English humour – Understanding English humour

Laughing horse
Understanding English humour

English speakers’ humour varies from the basic children’s “knock-knock” jokes to the more subtle and sometimes intricate layers of english humour to be found in adult television sitcoms, plays, movies and live comedy shows.

Finding out what makes English speaking people laugh opens the door a little wider on a language that is at times very confusing.

In the interests of speed and simplicity, we’ll focus on short, witty quotations, a common source of humour in most languages. Visual humour is more complex and will be discussed in future articles.

Some of the quotations are contemporary, others from well- known humourists from earlier days. We provide the author’s name so that you can search for other examples of their dazzling wit.

The “knock-knock” english humour

Before that, here’s a quick explanation of “knock-knock” jokes. The idea behind all of them is, like in a game, you imagine a knock on the door from someone outside.

Joke teller: “Knock-knock!”

Answer from you: “Who’s there?”

Joke teller: “Ivor.”

Answer from you: “Ivor who?”

Joke teller: “Ivor sore hand from knocking.”

The joke here lies in the sound of the name Ivor being similar to the English phrase “I have a…” or in its shorter form, “I’ve a…”

All “knock-knock” jokes follow the same form. Here’s another:


“Who’s there?”


“Harry who?”

“Harry up, it’s cold out here.”

The joke here is the closeness of the name Harry to the English word hurry. Believe it or not, young children find these hilarious.

Now to the first of our funny quotes. Some of them are quite well known, others less so.

“I come from a long line of actors. It’s called the dole queue.” Alan Davies

The author is a famous British television actor. The dole is British slang for social assistance payments, so the humour relates to the large number of actors who are unemployed. It may seem strange to make jokes about people unable to find a job, but it’s typical of the British habit of laughing even when times are tough.

“Politicians are the same all over. They promise to build a bridge even when there is no river.”  Nikita Kruschev

Kruschev was leader of the Soviet Union from 1955-1964. His remark, translated from Russian, refers to politicians who will promise anything just to get elected. The irony, of course, is there were no democratic elections in the Soviet Union when Kruschev took power, so he didn’t have to promise voters anything.

“Basically, my wife was immature. I’d be at home taking a bath and she’d come in and sink my boats.” Woody Allen

As you probably know, Woody Allen is a world-famous writer, actor, comedian and movie director. This is typical of his style of humour. He accuses his wife of being immature, yet he’s the one who plays with toy boats in his bath.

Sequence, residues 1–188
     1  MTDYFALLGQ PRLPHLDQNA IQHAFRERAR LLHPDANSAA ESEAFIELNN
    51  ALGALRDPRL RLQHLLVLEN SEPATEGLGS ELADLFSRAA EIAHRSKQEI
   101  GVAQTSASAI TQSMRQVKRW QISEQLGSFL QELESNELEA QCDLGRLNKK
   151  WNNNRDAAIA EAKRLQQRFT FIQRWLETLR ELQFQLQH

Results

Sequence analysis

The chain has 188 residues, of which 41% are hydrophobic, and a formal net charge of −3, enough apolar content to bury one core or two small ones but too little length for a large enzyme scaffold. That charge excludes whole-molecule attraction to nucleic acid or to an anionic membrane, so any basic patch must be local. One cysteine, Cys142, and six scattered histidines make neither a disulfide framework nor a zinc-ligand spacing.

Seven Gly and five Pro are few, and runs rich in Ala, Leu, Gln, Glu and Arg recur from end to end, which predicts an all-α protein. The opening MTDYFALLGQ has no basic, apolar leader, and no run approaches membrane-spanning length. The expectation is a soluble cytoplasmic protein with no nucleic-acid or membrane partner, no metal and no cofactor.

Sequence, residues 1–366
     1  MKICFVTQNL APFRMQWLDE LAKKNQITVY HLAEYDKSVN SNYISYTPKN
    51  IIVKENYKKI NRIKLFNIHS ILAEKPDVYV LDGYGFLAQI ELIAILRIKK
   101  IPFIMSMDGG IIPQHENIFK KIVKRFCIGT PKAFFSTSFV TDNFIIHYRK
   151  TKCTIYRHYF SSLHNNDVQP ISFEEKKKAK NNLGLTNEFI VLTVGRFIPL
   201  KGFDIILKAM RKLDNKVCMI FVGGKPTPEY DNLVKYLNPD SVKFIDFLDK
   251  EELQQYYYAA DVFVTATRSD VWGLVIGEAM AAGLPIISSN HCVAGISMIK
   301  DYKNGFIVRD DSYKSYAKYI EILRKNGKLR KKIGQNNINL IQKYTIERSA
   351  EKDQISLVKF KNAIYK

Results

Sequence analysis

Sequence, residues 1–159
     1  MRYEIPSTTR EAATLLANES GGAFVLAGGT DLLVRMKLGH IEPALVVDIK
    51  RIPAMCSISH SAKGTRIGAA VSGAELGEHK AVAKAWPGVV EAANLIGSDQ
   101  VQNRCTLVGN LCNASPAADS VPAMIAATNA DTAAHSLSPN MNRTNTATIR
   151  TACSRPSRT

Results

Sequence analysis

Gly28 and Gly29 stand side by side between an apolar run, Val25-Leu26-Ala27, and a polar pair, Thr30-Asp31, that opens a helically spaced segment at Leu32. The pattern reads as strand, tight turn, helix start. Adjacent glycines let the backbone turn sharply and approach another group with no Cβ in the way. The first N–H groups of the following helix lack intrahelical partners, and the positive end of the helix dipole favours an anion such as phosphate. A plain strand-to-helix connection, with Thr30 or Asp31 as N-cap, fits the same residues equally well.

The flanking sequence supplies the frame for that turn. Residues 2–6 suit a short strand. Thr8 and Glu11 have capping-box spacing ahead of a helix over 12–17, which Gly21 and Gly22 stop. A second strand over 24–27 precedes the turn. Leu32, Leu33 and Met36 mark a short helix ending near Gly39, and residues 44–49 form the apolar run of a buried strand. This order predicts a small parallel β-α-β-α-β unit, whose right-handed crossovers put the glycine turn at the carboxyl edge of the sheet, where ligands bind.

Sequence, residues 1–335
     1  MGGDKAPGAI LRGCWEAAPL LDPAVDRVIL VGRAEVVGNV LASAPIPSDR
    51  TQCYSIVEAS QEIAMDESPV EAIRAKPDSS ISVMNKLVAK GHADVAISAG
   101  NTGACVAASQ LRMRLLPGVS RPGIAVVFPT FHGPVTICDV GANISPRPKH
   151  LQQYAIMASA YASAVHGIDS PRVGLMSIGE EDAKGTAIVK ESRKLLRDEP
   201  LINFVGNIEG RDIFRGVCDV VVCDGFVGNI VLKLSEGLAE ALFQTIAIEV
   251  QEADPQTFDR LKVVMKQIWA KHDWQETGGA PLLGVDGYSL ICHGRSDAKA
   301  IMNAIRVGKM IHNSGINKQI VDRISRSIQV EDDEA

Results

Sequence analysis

“My uncle had a rabbit’s foot for thirty years. His other foot was quite normal.”  Tom Griffin

Since ancient times, a rabbit’s foot has been a good luck charm. People who carried one believed it would protect them from danger and disease. In this joke, you at first believe the uncle kept a rabbit’s foot for luck.

The second part of the sentence reveals that one of his own feet was that of a rabbit. The next example uses a similar device, one of the very common tricks in English jokes. Tom Griffin was a leading US baseball player until the 1980s.

“I always remember the last words of my grandfather who said, ‘A truck!’.”

This style of humour is popular with stand-up comedians and in funny movies where quick and regular laughs are required. Emo Phillips is an American comedian who specializes in this technique.

The last words in this sense mean the last thing he said before he died. You would expect them to be a memorable statement about his life or even his death. Instead, he yells in alarm just as he is about to fatally collide with a truck.

There’s nothing new in this type of humour. Aristotle, the Greek philosopher, said, “And on his feet he wore…blisters.”

“Like all good ruins, I look better by moonlight.”  Phyllis Diller

If it can be said that there is a type of humour most English-speaking people in the world understand, it is when the joke teller makes fun of themselves. Phyllis Diller, a popular American comedian, actress, artist and musician was famous for comedy of this type, from the mid-1950s until the year before her death in 2012.  It is known as self-deprecating comedy.

“I was so horrified when I read about the effects of smoking that I gave up reading.”  Henny Youngman

Once again, a stand-up comedian delivers a joke in a single sentence. They’re called one-liners. In this case, you expect him to say he’s given up smoking, so the surprise, once again, is in the conclusion: instead of quitting smoking, he’s not going to read any more about its impact on his health.

Henny Youngman, known as King of the One Liners, was a popular comedian and jazz violinist from the 1930s. He was still performing shortly before his death in 1998.

(If you’d like to impress people at cocktail parties, the grammatical word for a sentence that has an unexpected and usually funny outcome is a paraprosdokian. From the Greek, meaning against expectation.)

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